The new director must take on the challenge of a capital campaign to increase the museum's relatively small, $24.9-million endowment, to upgrade existing facilities and to develop the vacant May Co. property adjacent to the museum--purchased last year for $25 million with interim funding from the county.
Sources familiar with the search say the May Co. project has scared off candidates, but Mingst disputes this: "It's just the opposite. They see it as an opportunity for expanded exhibition space and outreach, or as a way to reorient the museum." Many ideas for how LACMA and other cultural organizations might use the property are in talking stages, but no decisions will be made until a director is in place, he says.
In an interview last August, Mingst said he hoped a director would be appointed the following month and be in place around the first of the year. He concedes that his estimate was overly optimistic. But is he discouraged? "Hell, no."
The search was initially postponed until the museum stabilized its county funding, after suffering a series of cutbacks that forced reductions in staff, programs and operations. In January, 1994, Museum Associates renegotiated its contract with the county, which provides a $14.2-million base in annual county support and requires private backers to contribute a sum equal to 80% of the public funding.
According to Mingst, subsequent delays have been caused by several factors, including competition from two more prestigious institutions, Boston's Museum of Fine Arts and New York's Museum of Modern Art. Last September, Boston named as director Malcolm Austin Rogers, former deputy director of London's National Portrait Gallery. MOMA ended a two-year-plus search in November with the appointment of Glenn D. Lowery, former chief of the Art Gallery of Ontario in Toronto.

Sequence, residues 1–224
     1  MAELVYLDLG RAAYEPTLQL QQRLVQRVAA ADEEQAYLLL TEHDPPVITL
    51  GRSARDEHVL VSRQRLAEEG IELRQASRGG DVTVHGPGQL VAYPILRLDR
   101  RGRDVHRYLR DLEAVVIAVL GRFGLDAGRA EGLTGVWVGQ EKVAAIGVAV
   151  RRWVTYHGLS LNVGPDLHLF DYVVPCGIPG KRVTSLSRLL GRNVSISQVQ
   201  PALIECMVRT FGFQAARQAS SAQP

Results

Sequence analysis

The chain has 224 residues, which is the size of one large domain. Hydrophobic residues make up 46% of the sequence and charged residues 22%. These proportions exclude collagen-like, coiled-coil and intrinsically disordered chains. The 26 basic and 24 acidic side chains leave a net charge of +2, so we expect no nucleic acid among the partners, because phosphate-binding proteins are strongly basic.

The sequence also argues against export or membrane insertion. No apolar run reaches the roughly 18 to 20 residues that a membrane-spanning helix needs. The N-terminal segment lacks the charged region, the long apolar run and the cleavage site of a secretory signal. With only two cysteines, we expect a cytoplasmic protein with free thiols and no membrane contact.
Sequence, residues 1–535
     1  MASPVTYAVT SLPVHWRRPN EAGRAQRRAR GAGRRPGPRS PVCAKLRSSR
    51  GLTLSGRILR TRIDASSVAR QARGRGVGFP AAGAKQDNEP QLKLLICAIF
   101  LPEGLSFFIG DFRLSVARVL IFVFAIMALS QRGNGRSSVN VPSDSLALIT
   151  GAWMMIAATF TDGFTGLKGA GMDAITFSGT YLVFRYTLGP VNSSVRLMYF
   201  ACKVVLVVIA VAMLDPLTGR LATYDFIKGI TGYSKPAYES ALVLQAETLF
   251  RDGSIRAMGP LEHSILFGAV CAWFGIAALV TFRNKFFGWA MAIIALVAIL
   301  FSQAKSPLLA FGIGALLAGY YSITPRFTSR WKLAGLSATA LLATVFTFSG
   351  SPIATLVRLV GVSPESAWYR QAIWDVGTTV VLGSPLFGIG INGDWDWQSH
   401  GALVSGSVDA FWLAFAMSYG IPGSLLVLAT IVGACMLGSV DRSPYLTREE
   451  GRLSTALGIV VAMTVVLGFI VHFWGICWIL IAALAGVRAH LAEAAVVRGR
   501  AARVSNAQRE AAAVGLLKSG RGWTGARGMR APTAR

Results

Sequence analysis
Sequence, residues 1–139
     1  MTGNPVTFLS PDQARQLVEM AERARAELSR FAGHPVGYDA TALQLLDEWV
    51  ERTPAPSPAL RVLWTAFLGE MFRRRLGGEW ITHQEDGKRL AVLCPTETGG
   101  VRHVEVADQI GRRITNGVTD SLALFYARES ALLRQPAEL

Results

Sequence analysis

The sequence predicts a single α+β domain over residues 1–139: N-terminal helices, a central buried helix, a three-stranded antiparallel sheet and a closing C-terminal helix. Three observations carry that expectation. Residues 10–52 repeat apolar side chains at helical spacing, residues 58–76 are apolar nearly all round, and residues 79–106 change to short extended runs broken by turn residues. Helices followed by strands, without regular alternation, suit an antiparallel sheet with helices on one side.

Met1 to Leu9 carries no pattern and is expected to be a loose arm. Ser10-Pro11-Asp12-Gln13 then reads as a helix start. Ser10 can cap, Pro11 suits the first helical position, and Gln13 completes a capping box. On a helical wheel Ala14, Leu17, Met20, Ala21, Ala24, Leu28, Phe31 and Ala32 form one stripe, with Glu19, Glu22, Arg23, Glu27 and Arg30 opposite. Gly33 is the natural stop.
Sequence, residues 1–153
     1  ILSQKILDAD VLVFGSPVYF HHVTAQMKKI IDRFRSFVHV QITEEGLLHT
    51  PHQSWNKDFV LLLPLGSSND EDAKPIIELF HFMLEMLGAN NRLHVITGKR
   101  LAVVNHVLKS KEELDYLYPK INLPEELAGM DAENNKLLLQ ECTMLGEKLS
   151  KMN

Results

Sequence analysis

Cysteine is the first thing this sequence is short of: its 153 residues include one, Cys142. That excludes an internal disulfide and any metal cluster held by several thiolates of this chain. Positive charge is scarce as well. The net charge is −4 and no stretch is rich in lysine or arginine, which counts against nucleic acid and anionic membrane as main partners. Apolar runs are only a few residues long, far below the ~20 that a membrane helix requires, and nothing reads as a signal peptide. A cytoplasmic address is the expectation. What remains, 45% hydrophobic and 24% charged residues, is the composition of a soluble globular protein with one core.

"Unlike the corporate world, in the museum world candidates only talk to one institution at a time, so we had to wait," Mingst says. Another slowdown occurred during the holiday season. In addition, Mingst says, "Museum directors have unbelievable travel schedules. It's not unusual for us to call candidates and find out that they can't see us for five weeks."
The committee is working with Korn Ferry, an executive search firm that helps identify candidates and evaluate their credentials. Introductory interviews are conducted by a small group of committee members who travel to the candidate's home city. "Then we have to find a way of bringing them to Los Angeles without anyone finding out," Mingst says.